There are two people on the island I used to get confused. They’re both about my age and one is called Andrew Fox, the other Andrew Henn. I’ve got them sorted out now, but is this a case of coincidence or Englishness that of a population of about 70 there should live two men named Henn and Fox? In San Francisco, with its population counter at 750,000 and adding double digits daily, I have yet to run into a Henn or a Fox. Curious.
I thought I’d talk a little bit more about the land and how it’s held. It’s one of the last places in Britain to be owned by the Crown, specifically the Duke of Cornwall (Prince Charles). As I understand it, the Duchy owns all of the land and most of the houses, except in Hughtown on St. Mary’s, which is freehold (meaning people can own their own property). I’ve heard that the land and homes are then leased from the Duchy through contracts that contain curiously feudal clauses. For example, if you lease a house on St. Agnes, Prince Charles, apparently, has the sole right to shoot a grouse in your garden. Would-be lessees and grouse trappers, take heed!
The islands are said to be run as a for-profit venture for the Crown. I hear that criticism has been leveled on the Duchy because people perceive it to be leasing plots to the highest bidder (well-healed, second home owners) instead of taking what some would view as a more community-oriented stance, and leasing plots to islanders. The houses then seem to stand empty for most of the year while the high real estate market bars entry for those who want to participate in the community but can’t pay London-level prices. Asked whether they would like to own their homes outright, however, I’ve heard that most would say no, citing the pressure to sell to wealthy outsiders would be too great for them as well.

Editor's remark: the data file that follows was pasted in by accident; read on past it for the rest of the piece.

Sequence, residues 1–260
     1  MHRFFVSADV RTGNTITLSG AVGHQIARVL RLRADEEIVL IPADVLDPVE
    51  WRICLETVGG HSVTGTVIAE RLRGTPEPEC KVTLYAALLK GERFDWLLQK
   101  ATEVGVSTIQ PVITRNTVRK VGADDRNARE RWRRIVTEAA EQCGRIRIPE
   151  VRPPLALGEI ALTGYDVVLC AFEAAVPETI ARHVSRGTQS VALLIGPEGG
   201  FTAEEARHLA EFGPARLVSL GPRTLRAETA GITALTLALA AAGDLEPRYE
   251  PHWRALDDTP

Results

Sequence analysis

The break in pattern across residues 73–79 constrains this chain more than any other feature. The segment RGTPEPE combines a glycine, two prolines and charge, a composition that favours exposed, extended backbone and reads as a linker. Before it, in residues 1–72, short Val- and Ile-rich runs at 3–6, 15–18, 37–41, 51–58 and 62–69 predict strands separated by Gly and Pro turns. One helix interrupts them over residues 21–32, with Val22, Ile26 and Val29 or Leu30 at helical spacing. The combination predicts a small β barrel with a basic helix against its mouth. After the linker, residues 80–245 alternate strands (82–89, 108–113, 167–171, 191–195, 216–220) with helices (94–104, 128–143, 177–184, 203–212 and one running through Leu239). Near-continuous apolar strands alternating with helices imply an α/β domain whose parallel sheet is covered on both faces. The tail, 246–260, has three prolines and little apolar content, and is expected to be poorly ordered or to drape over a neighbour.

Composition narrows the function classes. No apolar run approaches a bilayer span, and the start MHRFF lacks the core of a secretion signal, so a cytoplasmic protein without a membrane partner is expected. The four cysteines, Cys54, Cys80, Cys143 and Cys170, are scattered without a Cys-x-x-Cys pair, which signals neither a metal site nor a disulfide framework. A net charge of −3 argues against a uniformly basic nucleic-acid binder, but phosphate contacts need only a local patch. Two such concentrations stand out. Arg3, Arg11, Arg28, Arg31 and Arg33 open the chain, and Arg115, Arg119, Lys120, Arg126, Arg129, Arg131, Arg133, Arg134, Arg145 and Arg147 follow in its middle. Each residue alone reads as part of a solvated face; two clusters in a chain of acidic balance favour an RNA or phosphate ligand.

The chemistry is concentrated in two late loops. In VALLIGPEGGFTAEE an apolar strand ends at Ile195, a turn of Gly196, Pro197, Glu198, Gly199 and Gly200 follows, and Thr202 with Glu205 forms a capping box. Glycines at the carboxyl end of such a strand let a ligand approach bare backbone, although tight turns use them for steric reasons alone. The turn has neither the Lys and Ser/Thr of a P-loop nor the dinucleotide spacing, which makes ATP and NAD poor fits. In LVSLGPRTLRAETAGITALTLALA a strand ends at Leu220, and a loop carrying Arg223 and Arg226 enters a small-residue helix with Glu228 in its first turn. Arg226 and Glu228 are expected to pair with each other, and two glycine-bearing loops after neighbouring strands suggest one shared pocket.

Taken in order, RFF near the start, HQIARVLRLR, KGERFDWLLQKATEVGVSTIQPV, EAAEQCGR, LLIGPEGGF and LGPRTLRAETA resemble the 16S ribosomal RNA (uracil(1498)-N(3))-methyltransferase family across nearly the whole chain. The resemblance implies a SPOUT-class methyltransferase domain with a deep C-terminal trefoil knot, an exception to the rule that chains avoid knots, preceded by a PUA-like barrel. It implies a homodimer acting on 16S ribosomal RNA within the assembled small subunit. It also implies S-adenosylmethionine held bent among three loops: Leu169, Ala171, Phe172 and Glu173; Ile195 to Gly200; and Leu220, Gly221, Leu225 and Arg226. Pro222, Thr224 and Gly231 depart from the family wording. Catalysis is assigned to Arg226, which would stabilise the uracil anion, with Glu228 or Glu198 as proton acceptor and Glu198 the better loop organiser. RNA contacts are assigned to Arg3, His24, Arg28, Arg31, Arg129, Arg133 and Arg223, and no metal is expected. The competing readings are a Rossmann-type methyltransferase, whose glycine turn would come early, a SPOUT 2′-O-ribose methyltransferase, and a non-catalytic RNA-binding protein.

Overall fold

In theory, Prince Charles is in favor of building sustainable communities, but there are those who would say his ideals don’t always make it into practice in the real world. That’s what I’ve gathered anyway. I bring it up though because I find it interesting to note that even in a quiet, little place like this there appear to be disagreements around the best way to run things.
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